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Nature Trust of the Santa Monica Mountains

— Accomplishments 2000 to 2005: Making a Difference —

A. Land Protection

To protect Nicholas Canyon from further development the Nature Trust in 2000 transferred approximately 180 acres within the central and upper part of the watershed to Leo Carillo State Park. The land consisted of the creek itself, sycamore and oak woodland vegetation and the adjacent chaparral-covered slopes.

The transfer included retirement of pre-Coastal but County-approved development impacts consisting of a clubhouse, 5 cabins of 1,000 sq.ft. each, a pool, recreational facilities and associated roads and grading within the sycamore-oak woodland adjacent to the creek.

Instrumental in funding the transfer were State Senator Sheila Kuehl and Los Angeles County Supervisor Zev Yaroslavky. An additional 20-acre portion of the creek to the south of the above parcel was acquired form the Nature Trust by Leo Carillo State Park in 2003. This retired 8 cabins/residential units approved by the County of Los Angeles in 1973.

An easterly 20-acre parcel was encumbered during the same year with a conservation easement in favor of the County of Los Angeles pursuant to a Habitat Conservation Fund grant in the amount of $356,000 and a $172,000 Proposition A grant.

This retired permitted intensive development visible from surrounding park land.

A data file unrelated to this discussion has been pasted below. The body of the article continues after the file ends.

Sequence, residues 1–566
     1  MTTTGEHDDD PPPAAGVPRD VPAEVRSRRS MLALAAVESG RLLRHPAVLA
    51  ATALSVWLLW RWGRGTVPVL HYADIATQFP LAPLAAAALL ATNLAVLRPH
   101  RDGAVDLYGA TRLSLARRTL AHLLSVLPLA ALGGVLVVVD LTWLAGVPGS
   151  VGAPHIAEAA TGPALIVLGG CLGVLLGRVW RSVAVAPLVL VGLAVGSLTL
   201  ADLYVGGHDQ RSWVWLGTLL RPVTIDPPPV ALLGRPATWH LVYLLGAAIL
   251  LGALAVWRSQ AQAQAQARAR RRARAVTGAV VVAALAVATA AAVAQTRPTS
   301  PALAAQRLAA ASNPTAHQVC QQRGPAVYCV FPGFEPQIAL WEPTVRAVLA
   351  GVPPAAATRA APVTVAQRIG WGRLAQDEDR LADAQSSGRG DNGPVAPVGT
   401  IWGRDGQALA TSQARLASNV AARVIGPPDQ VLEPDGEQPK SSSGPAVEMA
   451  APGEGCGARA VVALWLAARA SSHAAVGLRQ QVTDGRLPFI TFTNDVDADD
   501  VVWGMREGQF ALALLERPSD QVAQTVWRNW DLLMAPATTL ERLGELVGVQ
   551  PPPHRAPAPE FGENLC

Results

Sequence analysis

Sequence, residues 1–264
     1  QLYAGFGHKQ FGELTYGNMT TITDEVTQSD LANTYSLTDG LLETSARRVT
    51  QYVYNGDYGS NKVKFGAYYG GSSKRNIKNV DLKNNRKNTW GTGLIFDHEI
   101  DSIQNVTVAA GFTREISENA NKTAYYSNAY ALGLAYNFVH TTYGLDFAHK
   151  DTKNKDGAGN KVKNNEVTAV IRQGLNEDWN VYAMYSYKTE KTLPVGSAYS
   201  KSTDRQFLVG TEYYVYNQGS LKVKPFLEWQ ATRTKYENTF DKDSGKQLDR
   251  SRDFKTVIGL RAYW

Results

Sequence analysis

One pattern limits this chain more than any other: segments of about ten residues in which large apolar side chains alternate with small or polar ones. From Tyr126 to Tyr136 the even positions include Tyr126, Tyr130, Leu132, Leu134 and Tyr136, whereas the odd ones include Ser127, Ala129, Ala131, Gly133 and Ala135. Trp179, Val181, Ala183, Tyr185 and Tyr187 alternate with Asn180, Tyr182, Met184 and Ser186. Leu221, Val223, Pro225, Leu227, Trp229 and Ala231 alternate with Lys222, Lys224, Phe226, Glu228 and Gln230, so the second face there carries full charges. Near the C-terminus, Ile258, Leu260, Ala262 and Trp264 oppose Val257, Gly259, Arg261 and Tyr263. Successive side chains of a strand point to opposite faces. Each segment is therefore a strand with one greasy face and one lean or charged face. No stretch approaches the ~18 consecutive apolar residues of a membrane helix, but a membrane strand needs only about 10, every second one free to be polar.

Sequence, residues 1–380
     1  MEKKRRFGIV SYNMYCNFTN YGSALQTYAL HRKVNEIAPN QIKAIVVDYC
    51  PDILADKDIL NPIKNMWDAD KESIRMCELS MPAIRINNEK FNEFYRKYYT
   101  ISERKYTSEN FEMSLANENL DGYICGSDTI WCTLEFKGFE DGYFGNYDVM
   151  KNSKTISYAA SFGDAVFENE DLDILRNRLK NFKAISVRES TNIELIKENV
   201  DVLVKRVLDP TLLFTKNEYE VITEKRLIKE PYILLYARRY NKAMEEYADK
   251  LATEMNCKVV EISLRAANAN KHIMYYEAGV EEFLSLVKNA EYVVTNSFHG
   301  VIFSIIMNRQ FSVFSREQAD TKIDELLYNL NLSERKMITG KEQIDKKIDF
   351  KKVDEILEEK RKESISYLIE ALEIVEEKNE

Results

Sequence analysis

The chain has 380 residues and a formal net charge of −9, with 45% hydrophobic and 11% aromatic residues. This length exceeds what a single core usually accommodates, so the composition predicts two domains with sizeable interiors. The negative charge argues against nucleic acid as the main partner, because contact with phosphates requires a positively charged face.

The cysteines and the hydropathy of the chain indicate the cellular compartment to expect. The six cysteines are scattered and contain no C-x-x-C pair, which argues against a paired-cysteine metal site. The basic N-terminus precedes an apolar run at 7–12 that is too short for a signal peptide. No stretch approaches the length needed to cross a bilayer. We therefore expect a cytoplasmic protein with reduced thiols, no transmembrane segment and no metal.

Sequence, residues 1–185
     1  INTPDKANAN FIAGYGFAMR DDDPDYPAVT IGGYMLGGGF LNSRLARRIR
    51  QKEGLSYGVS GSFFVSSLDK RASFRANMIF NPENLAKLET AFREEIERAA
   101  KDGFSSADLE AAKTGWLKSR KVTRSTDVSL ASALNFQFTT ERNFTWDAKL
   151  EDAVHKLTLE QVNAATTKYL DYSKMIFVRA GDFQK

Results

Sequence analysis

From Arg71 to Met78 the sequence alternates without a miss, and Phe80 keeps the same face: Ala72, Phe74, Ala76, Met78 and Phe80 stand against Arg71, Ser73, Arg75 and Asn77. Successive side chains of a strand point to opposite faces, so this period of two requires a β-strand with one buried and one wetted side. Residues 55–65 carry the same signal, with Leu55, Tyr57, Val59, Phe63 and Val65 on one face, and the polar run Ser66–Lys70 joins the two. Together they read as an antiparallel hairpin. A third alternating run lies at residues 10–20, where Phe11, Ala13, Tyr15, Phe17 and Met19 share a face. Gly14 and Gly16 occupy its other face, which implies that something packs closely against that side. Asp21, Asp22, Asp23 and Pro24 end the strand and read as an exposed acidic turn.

Tennis courts, barns and corral, a swimming pool and limited recreational facilities already exist at the more level remaining 100-acre parcel of the present Riding and Tennis Club and Nature Center below the 300-foot elevation line much of which is not designated as an ESHA (Environmentally Sensitive Habitat Area) according to the approved Local Coastal Plan fort he City of Malibu.

The Nature Trust will relocate the remaining vested but not yet finalized development impacts approved by the Coastal Commission (1973) and the County of Los Angeles (1974) within the more riparian area of this 100-acre parcel onto areas largely already developed with roads within the existing development footprint of the Riding and Tennis Club.

The purpose of the present CUP is to continue the operation of the Malibu Riding and Tennis Club and related recreational facilities and activities under the stewardship of the Nature Trust.

B. Site Restoration

Meaningful protection of the remaining undeveloped central section of Nicholas Canyon watershed still in private ownership has been in the planning stages for many years as outlined in the Nicholas Canyon Watershed Restoration Plan prepared in March 2002 by Wildland Resource Scientist Dr. Klaus Radtke.

It can best be accomplished through the purchase of the 172-acre Freshman parcel that would prevent further uphill site development within the watershed. The lower section of the watershed within the remaining 100-acre parcel adjacent to Pacific Coast Highway is not designated as ESHA under the 2001 Certified Local Coastal Plan of the City of Malibu because of previously approved and partially constructed development impacts and the disjunct native vegetation.